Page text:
I’m looking at you Kryptonite. Those plastic covers are annoying and serve little purpose. Unless my lock is secured with the lock side facing straight up (which proper locking technique rarely allows), all the plastic cover does is add something else to fidget open. My Abus lock has been fine for 4+ years rain and shine. I have never oiled it, but if it did start to get rusty I’d clean it with WD-40 and lube it with chain lube to fix it right up.
5. Easy to Grip Key
The key is flat and wide, so it’s easy to grip with your fingers. Some bike keys are awkwardly shaped or smaller, making them that much harder to use.
6. Lighter Than Many Other U-locks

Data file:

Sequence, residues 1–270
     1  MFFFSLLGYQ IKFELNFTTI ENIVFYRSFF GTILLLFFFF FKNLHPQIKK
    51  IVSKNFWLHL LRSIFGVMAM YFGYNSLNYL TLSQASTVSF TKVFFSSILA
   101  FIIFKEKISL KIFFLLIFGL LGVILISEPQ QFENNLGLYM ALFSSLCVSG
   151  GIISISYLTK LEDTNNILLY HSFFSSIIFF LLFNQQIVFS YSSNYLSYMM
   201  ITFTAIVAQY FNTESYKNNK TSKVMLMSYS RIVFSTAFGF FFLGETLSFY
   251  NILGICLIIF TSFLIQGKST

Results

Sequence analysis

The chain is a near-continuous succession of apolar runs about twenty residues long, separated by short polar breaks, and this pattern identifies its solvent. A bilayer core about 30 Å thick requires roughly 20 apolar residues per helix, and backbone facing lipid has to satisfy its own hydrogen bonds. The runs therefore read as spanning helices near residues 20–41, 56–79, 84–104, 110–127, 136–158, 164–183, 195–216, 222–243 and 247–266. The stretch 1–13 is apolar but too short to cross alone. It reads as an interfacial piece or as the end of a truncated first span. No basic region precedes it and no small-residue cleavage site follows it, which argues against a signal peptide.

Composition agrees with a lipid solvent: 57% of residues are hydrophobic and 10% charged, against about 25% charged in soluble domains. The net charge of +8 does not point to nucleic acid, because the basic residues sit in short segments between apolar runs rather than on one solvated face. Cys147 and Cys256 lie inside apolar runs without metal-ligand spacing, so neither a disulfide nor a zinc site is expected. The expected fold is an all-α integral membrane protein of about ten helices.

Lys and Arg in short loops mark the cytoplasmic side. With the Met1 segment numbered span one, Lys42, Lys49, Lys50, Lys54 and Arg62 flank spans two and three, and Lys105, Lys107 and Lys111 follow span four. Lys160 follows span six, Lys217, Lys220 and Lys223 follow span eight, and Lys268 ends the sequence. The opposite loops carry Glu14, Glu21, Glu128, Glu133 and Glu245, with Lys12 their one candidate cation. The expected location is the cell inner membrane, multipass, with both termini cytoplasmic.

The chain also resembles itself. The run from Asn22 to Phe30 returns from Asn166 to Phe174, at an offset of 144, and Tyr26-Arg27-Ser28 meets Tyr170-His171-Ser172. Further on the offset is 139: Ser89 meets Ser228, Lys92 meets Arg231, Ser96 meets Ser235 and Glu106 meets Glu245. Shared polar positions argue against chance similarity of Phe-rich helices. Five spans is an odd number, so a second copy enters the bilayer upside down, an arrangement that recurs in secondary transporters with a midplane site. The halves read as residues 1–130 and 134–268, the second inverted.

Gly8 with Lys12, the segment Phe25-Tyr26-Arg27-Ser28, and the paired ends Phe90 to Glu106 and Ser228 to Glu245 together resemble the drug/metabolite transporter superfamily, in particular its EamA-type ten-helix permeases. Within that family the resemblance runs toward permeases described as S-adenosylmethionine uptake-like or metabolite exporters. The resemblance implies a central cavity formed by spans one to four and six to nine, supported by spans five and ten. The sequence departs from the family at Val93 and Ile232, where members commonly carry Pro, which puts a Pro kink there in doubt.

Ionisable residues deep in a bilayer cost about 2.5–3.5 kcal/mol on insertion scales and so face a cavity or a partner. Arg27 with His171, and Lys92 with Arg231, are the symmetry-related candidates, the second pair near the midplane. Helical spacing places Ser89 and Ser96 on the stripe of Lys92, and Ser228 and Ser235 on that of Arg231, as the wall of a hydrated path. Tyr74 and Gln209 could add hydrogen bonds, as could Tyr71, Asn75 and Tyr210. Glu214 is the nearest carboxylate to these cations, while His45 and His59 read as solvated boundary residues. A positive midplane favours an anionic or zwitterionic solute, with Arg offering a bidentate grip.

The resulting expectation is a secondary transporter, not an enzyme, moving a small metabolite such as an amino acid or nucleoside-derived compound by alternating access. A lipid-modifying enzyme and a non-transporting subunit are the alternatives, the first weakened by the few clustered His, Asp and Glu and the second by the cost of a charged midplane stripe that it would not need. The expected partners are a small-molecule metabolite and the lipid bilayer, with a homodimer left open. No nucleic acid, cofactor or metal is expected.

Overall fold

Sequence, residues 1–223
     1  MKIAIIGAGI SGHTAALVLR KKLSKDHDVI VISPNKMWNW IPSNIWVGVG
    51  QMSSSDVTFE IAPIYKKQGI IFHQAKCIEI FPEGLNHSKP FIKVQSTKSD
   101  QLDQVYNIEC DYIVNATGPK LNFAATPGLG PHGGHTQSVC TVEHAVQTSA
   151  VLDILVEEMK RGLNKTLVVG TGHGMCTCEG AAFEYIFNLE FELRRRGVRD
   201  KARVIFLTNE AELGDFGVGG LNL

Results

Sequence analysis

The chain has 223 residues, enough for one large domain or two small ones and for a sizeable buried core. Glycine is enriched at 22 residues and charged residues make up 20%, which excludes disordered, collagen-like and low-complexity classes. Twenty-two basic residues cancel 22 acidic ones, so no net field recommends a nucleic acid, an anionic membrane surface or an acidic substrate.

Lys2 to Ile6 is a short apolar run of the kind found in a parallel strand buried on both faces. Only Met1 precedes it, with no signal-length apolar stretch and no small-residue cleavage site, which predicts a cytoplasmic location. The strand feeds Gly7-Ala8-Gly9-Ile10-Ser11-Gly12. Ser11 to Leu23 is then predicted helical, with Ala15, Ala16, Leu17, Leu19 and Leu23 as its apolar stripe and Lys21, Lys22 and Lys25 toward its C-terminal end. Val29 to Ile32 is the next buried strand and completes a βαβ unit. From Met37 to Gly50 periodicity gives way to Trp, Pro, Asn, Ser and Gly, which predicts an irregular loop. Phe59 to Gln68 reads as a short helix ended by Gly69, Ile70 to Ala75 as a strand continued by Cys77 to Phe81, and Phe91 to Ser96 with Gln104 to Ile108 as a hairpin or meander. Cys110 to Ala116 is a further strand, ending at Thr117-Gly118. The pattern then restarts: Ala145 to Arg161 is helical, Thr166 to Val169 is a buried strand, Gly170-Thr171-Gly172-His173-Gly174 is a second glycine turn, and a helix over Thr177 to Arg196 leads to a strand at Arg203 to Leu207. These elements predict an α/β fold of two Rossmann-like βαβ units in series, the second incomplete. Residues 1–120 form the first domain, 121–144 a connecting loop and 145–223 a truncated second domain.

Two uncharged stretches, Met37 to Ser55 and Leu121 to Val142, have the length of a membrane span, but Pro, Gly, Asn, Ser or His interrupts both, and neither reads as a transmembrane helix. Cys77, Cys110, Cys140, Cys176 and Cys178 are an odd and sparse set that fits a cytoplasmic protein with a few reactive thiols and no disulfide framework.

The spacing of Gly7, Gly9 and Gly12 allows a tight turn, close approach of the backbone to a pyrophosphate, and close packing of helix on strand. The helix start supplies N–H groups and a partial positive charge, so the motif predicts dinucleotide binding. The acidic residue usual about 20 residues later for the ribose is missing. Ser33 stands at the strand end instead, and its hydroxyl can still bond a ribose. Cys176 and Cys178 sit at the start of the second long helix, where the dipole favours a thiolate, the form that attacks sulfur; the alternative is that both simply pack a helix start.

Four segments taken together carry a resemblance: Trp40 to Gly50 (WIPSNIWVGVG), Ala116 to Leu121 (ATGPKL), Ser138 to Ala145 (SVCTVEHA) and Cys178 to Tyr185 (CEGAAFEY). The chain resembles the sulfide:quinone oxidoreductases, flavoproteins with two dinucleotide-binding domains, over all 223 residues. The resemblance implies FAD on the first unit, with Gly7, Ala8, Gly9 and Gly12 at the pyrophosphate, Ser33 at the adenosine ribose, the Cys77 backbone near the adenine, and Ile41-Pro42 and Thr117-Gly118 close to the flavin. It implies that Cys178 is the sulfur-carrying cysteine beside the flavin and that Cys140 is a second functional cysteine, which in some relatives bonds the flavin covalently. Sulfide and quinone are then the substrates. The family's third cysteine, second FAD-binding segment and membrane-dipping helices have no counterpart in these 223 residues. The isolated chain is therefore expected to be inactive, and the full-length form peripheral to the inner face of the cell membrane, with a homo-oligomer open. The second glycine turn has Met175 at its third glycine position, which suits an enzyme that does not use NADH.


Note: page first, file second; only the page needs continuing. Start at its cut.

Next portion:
Coming in at 2.16 pounds, that’s more than a pound lighter than most other U-locks of a similar security level.
There are other locks that can provide most of these qualities, but at the very least I recommend you get a U-lock at least 13mm thick with a double-locking shackle. Those are the most important traits. This is the minimum size that prevents a thief from using a large pair of bolt cutters on your U-lock! With these thicker locks, a portable angle grinder would be required, making the theft loud, bright, obnoxious, and hopefully not worth their time.
As you may have noticed, I don’t recommend a cable for your wheels, this is because locking skewers or nuts are the way to go!
How do I attach a U-lock like this to my bicycle?
Unfotunately, this U-lock doesn’t come with a bracket like the ones most Kryptonite locks come with. Fortunately, you can buy one for yourself and add it to this Abus U-lock! I reviewed that bracket in another post.
The small U size on this U-lock isn’t going to work for me